Analytical, diagnostic and therapeutic context of CDC42


  1. Flt-1-mediated down-regulation of endothelial cell proliferation through pertussis toxin-sensitive G proteins, beta gamma subunits, small GTPase CDC42, and partly by Rac-1. Zeng, H., Zhao, D., Mukhopadhyay, D. J. Biol. Chem. (2002) [Pubmed]
  2. CDC42 and Rac1 are implicated in the activation of the Nef-associated kinase and replication of HIV-1. Lu, X., Wu, X., Plemenitas, A., Yu, H., Sawai, E.T., Abo, A., Peterlin, B.M. Curr. Biol. (1996) [Pubmed]
  3. Adenovirus endocytosis requires actin cytoskeleton reorganization mediated by Rho family GTPases. Li, E., Stupack, D., Bokoch, G.M., Nemerow, G.R. J. Virol. (1998) [Pubmed]
  4. Signal therapy of breast cancers by the HDAC inhibitor FK228 that blocks the activation of PAK1 and abrogates the tamoxifen-resistance. Hirokawa, Y., Arnold, M., Nakajima, H., Zalcberg, J., Maruta, H. Cancer Biol. Ther. (2005) [Pubmed]
  5. Rho family GTPase Cdc42 is essential for the actin-based motility of Shigella in mammalian cells. Suzuki, T., Mimuro, H., Miki, H., Takenawa, T., Sasaki, T., Nakanishi, H., Takai, Y., Sasakawa, C. J. Exp. Med. (2000) [Pubmed]
  6. Sequential implication of the mental retardation proteins ARHGEF6 and PAK3 in spine morphogenesis. Nod??-Langlois, R., Muller, D., Boda, B. J. Cell. Sci. (2006) [Pubmed]
  7. Individual differences in the in vitro response to cyclosporin A (CsA): possible heterogeneity in the involvement of the CD28-B7/BB1 pathway. Masy, E., Labalette-Houache, M., Dessaint, J.P. Thérapie. (1994) [Pubmed]
  8. Biology of the p21-activated kinases. Bokoch, G.M. Annu. Rev. Biochem. (2003) [Pubmed]
  9. Phosphoinositides Specify Polarity during Epithelial Organ Development. Comer, F.I., Parent, C.A. Cell (2007) [Pubmed]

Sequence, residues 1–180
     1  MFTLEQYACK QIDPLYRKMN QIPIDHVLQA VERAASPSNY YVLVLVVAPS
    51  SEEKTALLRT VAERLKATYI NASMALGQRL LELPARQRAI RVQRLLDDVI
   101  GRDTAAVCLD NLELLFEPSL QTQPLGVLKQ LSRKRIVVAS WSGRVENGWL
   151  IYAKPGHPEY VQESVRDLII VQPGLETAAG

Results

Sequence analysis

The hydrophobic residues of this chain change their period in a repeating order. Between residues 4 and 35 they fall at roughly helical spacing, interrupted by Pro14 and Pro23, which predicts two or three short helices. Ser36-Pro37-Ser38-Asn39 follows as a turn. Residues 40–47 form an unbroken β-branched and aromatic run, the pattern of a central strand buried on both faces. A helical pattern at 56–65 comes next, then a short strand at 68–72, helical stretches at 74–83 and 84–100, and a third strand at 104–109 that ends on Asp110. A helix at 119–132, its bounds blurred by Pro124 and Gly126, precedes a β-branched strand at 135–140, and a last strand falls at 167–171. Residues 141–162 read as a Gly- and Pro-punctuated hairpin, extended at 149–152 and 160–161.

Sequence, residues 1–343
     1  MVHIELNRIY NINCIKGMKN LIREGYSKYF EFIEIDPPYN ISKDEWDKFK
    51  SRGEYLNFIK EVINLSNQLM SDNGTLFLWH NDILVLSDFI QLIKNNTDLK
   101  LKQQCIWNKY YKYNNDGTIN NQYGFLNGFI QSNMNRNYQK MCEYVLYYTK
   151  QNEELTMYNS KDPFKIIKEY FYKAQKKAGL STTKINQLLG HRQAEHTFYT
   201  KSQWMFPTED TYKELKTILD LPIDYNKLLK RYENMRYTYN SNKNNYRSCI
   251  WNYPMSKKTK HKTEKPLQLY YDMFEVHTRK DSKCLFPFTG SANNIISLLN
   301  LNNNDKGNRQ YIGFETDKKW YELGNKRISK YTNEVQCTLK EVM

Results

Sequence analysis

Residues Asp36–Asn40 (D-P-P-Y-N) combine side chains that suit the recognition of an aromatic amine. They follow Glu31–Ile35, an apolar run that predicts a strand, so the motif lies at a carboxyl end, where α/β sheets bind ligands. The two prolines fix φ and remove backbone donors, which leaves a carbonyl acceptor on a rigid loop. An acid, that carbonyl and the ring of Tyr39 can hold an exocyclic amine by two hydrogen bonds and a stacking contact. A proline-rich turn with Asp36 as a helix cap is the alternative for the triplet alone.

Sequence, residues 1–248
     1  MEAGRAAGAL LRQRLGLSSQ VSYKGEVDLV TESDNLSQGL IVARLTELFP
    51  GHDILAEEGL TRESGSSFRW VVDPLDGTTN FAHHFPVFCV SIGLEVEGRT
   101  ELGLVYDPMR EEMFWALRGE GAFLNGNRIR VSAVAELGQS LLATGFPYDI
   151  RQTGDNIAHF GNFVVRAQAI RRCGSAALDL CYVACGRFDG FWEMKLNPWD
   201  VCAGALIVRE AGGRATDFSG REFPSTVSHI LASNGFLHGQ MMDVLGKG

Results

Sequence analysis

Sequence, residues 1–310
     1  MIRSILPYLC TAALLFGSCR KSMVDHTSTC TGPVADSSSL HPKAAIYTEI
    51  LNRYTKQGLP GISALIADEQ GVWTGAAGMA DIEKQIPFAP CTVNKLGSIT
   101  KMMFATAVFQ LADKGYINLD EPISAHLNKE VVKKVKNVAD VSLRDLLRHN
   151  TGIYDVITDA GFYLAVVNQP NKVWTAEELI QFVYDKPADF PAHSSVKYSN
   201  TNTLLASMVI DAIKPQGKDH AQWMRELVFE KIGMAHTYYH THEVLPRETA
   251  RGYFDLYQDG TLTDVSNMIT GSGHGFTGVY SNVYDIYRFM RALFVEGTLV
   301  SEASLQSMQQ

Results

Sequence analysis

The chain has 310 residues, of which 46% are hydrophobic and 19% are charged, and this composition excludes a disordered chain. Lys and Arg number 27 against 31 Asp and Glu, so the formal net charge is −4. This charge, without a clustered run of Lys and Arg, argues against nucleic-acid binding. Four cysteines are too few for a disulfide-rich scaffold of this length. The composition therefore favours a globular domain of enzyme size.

10. PTEN-Mediated Apical Segregation of Phosphoinositides Controls Epithelial Morphogenesis through Cdc42. Martin-Belmonte, F., Gassama, A., Datta, A., Yu, W., Rescher, U., Gerke, V., Mostov, K. Cell (2007) [Pubmed]
  11. A Rich1/Amot Complex Regulates the Cdc42 GTPase and Apical-Polarity Proteins in Epithelial Cells. Wells, C.D., Fawcett, J.P., Traweger, A., Yamanaka, Y., Goudreault, M., Elder, K., Kulkarni, S., Gish, G., Virag, C., Lim, C., Colwill, K., Starostine, A., Metalnikov, P., Pawson, T. Cell (2006) [Pubmed]
  12. Closing the GAP between Polarity and Vesicle Transport. Macara, I.G., Spang, A. Cell (2006) [Pubmed]
  13. Melanoma chondroitin sulphate proteoglycan regulates cell spreading through Cdc42, Ack-1 and p130cas. Eisenmann, K.M., McCarthy, J.B., Simpson, M.A., Keely, P.J., Guan, J.L., Tachibana, K., Lim, L., Manser, E., Furcht, L.T., Iida, J. Nat. Cell Biol. (1999) [Pubmed]
  14. Myotonic dystrophy kinase-related Cdc42-binding kinase acts as a Cdc42 effector in promoting cytoskeletal reorganization. Leung, T., Chen, X.Q., Tan, I., Manser, E., Lim, L. Mol. Cell. Biol. (1998) [Pubmed]
  15. Characterization of rac and cdc42 activation in chemoattractant-stimulated human neutrophils using a novel assay for active GTPases. Benard, V., Bohl, B.P., Bokoch, G.M. J. Biol. Chem. (1999) [Pubmed]
  16. Cdc42 and RhoB activation are required for mannose receptor-mediated phagocytosis by human alveolar macrophages. Zhang, J., Zhu, J., Bu, X., Cushion, M., Kinane, T.B., Avraham, H., Koziel, H. Mol. Biol. Cell (2005) [Pubmed]
  17. Involvement of Cdc42 signaling in apoA-I-induced cholesterol efflux. Nofer, J.R., Feuerborn, R., Levkau, B., Sokoll, A., Seedorf, U., Assmann, G. J. Biol. Chem. (2003) [Pubmed]
  18. Glucose- and GTP-dependent stimulation of the carboxyl methylation of CDC42 in rodent and human pancreatic islets and pure beta cells. Evidence for an essential role of GTP-binding proteins in nutrient-induced insulin secretion. Kowluru, A., Seavey, S.E., Li, G., Sorenson, R.L., Weinhaus, A.J., Nesher, R., Rabaglia, M.E., Vadakekalam, J., Metz, S.A. J. Clin. Invest. (1996) [Pubmed]
  19. Fibronectin matrix regulates activation of RHO and CDC42 GTPases and cell cycle progression. Bourdoulous, S., Orend, G., MacKenna, D.A., Pasqualini, R., Ruoslahti, E. J. Cell Biol. (1998) [Pubmed]
  20. The hematopoiesis-specific GTP-binding protein RhoH is GTPase deficient and modulates activities of other Rho GTPases by an inhibitory function. Li, X., Bu, X., Lu, B., Avraham, H., Flavell, R.A., Lim, B. Mol. Cell. Biol. (2002) [Pubmed]